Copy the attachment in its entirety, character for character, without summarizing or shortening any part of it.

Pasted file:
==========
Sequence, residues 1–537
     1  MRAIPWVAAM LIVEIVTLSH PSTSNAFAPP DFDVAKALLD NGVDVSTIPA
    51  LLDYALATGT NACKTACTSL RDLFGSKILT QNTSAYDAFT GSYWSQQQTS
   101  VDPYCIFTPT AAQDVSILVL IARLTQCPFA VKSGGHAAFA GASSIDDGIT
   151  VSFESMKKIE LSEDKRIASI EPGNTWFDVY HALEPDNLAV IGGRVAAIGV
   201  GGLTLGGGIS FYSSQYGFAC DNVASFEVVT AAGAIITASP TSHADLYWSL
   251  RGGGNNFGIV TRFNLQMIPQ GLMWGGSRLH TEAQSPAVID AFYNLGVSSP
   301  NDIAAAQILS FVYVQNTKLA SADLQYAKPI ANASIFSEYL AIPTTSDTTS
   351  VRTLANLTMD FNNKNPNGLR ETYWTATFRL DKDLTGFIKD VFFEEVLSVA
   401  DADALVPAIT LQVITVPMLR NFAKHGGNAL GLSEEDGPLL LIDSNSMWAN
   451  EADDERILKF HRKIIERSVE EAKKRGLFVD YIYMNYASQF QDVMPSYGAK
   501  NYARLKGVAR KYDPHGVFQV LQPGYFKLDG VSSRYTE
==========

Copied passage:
Sequence, residues 1–537
     1  MRAIPWVAAM LIVEIVTLSH PSTSNAFAPP DFDVAKALLD NGVDVSTIPA
    51  LLDYALATGT NACKTACTSL RDLFGSKILT QNTSAYDAFT GSYWSQQQTS
   101  VDPYCIFTPT AAQDVSILVL IARLTQCPFA VKSGGHAAFA GASSIDDGIT
   151  VSFESMKKIE LSEDKRIASI EPGNTWFDVY HALEPDNLAV IGGRVAAIGV
   201  GGLTLGGGIS FYSSQYGFAC DNVASFEVVT AAGAIITASP TSHADLYWSL
   251  RGGGNNFGIV TRFNLQMIPQ GLMWGGSRLH TEAQSPAVID AFYNLGVSSP
   301  NDIAAAQILS FVYVQNTKLA SADLQYAKPI ANASIFSEYL AIPTTSDTTS
   351  VRTLANLTMD FNNKNPNGLR ETYWTATFRL DKDLTGFIKD VFFEEVLSVA
   401  DADALVPAIT LQVITVPMLR NFAKHGGNAL GLSEEDGPLL LIDSNSMWAN
   451  EADDERILKF HRKIIERSVE EAKKRGLFVD YIYMNYASQF QDVMPSYGAK
   501  NYARLKGVAR KYDPHGVFQV LQPGYFKLDG VSSRYTE